The seismic, traumatic effects of the Covid-19 pandemic on education continue to haunt our students. Every teacher knows that developing student-teacher relationships is an urgent priority, and feedback, in particular, has taken on particular importance.
Engaging gallery walks in the classroom or hallway provide valuable feedback from teachers and peers, and traditional red-ink editorial comments on paper or electronic commentary on Google Docs are all popular and essential forms of feedback that we—especially high school English teachers like me—use all the time.
Since writing, however, is such a personal endeavor, an act of individual creativity, students often feel vulnerable in the face of the traditional methods of feedback from teachers, which, at times, can feel detached or impersonal. A more intimate approach puts students at ease in a way that editorial marks on paper or electronic comments don’t. My personal preferred method of providing feedback is during one-on-one student-teacher conferences, but my conferences don’t focus solely on teacher-delivered feedback, which is often a one-way street.
A More Effective Type of Feedback
I use feedback loops for student-teacher conferences, which, in contrast, are a two-way street—forging promising paths toward trust and open communication. Instead of teachers being the sole providers of feedback, in a feedback loop students offer their own feedback to their teachers on issues like reading selections, clarifying questions, direct instruction, class environment, or any other concerns a student may have that impact their learning. When teachers implement feedback loops early in the school year, they create a nurturing and supportive classroom environment and bolster rapport and comfort with students through an open and honest 360-degree, mutual exchange.
Teacher and blogger Taylor Meredith, detailing the value that feedback loops bring to her own instruction, writes, “As a teacher, my instruction is informed through these feedback loops. Listening to these loops tells me if I need to revisit a certain aim or set my expectations higher.” Finding the time to schedule feedback loops creates, as Meredith describes, a “culture of feedback” in our classrooms.
In my own classroom, feedback loops are essential in developing the writing skills of my students and adapting or modifying my own instruction based on student feedback. For instance, I love when students tell me what I need to review, remediate, or clarify regarding my instruction. Further, I encourage my students to provide commentary on my reading selections. I like to know that a particular student prefers poetry over prose, literary nonfiction over novels or short stories, projects over papers. This feedback allows me to reflect on my curriculum through a lens of honesty and humility.
Feedback from my students spurs responsive self-reflection. And this is the central tenet of a feedback loop: It benefits both the student and the teacher in bolstering open communication and improving instruction. The strategy encourages a sense of safety, too, so that if any issue arises in the future, a student will feel comfortable approaching a trusted teacher. Students receive feedback and, in turn, take the lead expressing personal voice and choice. It takes less than 2 minutes per student to build a rapport that’s so vital, especially in our current educational climate.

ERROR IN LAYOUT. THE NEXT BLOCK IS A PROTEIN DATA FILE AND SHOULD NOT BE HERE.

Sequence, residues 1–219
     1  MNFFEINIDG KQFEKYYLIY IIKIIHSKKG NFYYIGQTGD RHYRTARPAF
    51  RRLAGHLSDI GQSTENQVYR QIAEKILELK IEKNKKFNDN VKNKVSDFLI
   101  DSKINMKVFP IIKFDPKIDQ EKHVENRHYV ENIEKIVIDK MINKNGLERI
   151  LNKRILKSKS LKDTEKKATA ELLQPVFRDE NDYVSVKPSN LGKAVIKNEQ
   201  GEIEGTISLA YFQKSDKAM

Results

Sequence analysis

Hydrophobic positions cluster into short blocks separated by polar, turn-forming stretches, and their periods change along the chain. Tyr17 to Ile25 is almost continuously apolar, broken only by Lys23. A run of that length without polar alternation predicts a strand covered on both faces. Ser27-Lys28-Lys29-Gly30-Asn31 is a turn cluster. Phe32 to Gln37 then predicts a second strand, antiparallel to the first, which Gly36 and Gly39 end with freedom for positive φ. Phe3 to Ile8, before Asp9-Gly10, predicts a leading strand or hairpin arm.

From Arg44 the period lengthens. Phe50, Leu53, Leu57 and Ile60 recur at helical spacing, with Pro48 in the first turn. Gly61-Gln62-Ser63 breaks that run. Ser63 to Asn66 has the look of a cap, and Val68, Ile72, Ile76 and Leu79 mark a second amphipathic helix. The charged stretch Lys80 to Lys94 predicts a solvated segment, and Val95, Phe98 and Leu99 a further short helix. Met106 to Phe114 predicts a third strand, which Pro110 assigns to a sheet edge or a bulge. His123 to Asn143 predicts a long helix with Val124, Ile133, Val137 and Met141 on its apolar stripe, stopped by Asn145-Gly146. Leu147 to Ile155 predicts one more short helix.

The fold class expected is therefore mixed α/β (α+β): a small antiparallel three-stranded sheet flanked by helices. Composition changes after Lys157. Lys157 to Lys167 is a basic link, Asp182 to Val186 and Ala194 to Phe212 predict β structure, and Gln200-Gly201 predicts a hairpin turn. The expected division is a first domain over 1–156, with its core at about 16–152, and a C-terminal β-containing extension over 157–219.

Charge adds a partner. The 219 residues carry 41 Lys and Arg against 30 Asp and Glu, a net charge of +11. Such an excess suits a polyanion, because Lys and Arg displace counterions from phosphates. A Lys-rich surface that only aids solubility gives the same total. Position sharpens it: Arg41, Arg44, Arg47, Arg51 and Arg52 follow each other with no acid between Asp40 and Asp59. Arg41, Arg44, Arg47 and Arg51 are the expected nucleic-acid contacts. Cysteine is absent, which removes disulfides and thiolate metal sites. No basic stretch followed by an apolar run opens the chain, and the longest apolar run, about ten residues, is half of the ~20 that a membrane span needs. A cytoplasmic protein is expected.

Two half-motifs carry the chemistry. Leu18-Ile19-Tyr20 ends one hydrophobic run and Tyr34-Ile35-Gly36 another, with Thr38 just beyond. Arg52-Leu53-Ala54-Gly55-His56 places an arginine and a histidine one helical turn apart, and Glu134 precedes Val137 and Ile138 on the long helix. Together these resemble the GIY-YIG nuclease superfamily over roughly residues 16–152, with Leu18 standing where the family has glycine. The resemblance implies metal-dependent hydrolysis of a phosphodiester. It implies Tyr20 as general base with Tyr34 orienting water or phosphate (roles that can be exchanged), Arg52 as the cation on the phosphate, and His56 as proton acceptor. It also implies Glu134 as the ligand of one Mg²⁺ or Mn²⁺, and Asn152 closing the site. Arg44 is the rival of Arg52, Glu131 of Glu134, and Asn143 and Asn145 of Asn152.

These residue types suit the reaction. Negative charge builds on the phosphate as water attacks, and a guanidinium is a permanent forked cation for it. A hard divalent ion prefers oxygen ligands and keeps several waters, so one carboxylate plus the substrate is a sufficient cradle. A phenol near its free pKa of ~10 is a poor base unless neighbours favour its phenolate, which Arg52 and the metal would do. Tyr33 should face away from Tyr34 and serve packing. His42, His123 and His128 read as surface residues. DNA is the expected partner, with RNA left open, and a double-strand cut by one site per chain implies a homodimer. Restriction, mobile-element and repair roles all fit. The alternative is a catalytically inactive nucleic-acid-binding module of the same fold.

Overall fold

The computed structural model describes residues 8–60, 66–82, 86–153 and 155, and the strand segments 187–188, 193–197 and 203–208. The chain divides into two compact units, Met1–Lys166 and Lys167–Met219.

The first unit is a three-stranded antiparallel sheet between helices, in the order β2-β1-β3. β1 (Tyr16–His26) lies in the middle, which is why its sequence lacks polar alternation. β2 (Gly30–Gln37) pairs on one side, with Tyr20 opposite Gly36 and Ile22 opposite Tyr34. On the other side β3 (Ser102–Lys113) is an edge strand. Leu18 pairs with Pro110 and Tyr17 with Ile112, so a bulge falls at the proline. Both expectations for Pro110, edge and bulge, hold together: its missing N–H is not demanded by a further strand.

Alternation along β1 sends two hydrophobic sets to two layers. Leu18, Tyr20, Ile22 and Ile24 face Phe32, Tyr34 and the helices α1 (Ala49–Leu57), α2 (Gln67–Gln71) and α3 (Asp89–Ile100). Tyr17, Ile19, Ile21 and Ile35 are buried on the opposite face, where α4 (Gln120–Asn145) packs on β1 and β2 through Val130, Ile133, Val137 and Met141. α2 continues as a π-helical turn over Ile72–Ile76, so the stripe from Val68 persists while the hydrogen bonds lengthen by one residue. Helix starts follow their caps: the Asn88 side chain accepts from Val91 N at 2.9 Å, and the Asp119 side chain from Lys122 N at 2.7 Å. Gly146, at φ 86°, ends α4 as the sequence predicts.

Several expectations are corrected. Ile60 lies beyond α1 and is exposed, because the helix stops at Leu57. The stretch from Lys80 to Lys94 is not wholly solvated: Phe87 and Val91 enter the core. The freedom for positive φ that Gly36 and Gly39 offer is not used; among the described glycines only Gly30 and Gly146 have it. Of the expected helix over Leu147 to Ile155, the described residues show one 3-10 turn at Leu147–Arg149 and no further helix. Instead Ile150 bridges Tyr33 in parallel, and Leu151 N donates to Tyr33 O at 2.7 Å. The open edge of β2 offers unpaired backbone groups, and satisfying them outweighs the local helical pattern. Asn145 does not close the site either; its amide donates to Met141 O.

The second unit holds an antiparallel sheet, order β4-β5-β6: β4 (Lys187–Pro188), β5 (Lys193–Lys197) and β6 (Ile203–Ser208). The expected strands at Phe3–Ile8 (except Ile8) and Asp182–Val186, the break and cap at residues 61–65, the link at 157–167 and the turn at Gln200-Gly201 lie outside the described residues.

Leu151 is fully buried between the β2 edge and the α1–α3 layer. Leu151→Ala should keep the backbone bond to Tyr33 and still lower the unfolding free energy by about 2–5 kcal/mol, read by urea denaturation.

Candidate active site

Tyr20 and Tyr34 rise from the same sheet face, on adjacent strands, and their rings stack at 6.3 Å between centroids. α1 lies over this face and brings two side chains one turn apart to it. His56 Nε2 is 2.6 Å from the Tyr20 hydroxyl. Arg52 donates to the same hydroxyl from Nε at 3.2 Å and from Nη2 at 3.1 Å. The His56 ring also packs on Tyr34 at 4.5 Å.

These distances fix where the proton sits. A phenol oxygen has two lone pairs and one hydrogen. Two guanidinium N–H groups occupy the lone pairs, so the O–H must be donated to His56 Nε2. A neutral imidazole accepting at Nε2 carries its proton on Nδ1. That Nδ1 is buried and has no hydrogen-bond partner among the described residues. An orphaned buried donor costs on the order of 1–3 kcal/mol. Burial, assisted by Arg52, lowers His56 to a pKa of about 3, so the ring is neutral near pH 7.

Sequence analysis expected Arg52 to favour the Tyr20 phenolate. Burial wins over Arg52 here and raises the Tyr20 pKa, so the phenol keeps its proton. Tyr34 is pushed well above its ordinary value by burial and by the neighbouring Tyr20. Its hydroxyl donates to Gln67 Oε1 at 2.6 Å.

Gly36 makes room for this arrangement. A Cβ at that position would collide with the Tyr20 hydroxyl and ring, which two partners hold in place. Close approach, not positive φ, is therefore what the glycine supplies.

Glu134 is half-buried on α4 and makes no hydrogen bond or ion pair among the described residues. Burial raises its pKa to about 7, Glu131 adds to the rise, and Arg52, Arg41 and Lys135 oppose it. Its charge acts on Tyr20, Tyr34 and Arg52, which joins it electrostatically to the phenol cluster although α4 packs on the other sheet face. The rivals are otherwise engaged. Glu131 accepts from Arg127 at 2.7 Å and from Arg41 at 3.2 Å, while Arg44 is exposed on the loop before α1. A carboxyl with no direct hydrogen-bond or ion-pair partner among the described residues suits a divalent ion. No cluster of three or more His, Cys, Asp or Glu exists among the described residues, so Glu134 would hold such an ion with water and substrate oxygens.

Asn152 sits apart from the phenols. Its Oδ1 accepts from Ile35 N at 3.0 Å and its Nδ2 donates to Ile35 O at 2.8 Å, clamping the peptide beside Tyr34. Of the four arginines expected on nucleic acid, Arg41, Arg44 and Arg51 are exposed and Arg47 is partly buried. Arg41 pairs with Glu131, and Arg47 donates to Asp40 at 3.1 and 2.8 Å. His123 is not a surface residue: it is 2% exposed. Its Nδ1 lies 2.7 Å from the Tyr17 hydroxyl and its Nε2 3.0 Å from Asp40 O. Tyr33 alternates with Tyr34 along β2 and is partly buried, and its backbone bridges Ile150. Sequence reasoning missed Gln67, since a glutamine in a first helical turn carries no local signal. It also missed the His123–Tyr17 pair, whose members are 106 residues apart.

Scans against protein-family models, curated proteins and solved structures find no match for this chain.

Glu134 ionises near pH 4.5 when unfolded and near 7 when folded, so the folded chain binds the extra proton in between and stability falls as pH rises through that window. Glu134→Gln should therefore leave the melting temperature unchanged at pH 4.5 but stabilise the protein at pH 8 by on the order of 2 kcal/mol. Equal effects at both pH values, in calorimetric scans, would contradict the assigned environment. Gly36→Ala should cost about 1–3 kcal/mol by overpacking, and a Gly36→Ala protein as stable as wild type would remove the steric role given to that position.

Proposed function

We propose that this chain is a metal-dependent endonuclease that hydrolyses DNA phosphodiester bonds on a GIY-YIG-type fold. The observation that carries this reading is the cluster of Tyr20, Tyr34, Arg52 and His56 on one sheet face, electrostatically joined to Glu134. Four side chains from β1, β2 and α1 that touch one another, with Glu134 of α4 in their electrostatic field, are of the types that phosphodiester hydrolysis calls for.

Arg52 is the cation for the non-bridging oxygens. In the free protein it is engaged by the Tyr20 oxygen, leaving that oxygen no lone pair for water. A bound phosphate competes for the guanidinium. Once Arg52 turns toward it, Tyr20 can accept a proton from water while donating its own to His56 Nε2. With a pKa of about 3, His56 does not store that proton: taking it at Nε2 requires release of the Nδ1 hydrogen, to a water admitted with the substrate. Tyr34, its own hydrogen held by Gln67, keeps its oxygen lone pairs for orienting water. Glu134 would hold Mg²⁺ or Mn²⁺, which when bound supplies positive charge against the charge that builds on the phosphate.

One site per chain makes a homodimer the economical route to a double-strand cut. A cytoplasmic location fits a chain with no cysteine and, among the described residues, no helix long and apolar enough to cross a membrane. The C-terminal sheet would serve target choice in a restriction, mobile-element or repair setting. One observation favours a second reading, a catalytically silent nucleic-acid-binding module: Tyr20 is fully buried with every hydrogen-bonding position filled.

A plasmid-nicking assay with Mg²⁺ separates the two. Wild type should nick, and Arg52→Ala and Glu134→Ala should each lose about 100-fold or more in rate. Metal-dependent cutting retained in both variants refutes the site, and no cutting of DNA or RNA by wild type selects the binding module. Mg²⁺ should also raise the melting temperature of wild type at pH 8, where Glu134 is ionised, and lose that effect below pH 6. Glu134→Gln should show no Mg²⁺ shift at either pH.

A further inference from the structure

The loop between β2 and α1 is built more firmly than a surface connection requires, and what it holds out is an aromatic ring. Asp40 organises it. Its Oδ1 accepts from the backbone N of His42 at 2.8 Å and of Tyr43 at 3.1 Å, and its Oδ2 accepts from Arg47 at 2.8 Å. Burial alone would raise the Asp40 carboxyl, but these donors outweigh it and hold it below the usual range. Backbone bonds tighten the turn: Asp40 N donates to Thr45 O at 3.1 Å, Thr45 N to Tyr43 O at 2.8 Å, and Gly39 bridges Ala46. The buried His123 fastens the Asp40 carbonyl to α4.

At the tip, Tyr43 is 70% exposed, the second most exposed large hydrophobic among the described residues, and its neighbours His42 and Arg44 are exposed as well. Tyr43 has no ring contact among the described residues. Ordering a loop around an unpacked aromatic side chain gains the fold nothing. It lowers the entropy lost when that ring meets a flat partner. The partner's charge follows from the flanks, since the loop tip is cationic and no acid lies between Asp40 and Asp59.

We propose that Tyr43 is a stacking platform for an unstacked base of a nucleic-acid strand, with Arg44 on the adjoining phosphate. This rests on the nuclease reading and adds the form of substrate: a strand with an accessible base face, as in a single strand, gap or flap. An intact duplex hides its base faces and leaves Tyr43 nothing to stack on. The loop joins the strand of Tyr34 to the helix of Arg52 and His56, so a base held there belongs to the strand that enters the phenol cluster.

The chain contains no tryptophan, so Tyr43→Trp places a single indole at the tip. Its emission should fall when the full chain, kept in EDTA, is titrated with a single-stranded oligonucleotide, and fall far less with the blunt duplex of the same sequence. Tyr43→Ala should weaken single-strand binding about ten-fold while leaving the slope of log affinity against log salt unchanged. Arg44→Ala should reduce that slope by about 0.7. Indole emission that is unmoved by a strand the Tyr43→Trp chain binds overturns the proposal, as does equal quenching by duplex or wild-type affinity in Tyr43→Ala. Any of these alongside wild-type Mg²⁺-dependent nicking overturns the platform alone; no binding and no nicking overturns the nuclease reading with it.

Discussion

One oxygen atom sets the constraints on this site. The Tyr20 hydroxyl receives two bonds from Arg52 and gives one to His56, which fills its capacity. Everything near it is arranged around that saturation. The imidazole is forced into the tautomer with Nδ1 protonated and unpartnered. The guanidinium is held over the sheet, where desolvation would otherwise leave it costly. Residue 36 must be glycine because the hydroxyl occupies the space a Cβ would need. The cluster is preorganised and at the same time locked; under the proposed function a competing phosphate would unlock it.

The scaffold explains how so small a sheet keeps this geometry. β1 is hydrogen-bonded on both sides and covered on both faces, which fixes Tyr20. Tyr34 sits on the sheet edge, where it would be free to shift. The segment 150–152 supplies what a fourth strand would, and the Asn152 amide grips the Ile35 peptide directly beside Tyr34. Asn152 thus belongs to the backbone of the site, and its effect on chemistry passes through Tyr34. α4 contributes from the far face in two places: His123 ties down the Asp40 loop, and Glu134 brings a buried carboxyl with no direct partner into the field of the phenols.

Making Time for Mutual Feedback
One-on-one conferences are extremely difficult to schedule, though, and demand careful strategizing on the teacher’s part. Yet these conferences are vital and invaluable. So, in light of our tight schedules, what’s the best way to implement feedback loops? There are a few options.
Teachers can meet with students for a private, one-on-one, conference during class while other students complete a collaborative assignment or project, assessment, or essay. In my own classroom, I place two chairs outside the door for myself and the student. With this setup, I can converse with the student privately while also monitoring the classroom. Teachers can meet with students during special lunch meetings. School administrators can set aside time during the school day during a directed study or study hall.
The dream scenario would be for schools to schedule student-teacher conferences during a professional development day. This way, students could meet with their teachers in round robin–type individual sessions without impacting the school day. Other options could include scheduling conferences during an allocated half-day or, if the teacher is willing, after school. Without a doubt, conferences after school pose a challenge for busy teachers already faced with enormous time constraints on a daily basis.
Student-teacher conferences should be on par with parent-teacher conferences and should warrant the same priority, the same urgency; modeling them after parent-teacher conferences would be an ideal avenue. Although they pose a scheduling challenge, feedback loops in student-teacher conferences lay the foundation for the following:
- A student-teacher relationship built upon open communication, mutual trust and respect, and polite discourse
- Student learning that encourages personal voice and self-advocacy, essential skills for life after high school
- A reflective experience for teachers to modify and improve direct instruction, lesson planning, and curriculum creation
Regardless of content area or class size, I highly encourage all teachers to implement feedback loops into their student-teacher conferences. The potential dividends could yield rich rewards for students, teachers, and schools across the country.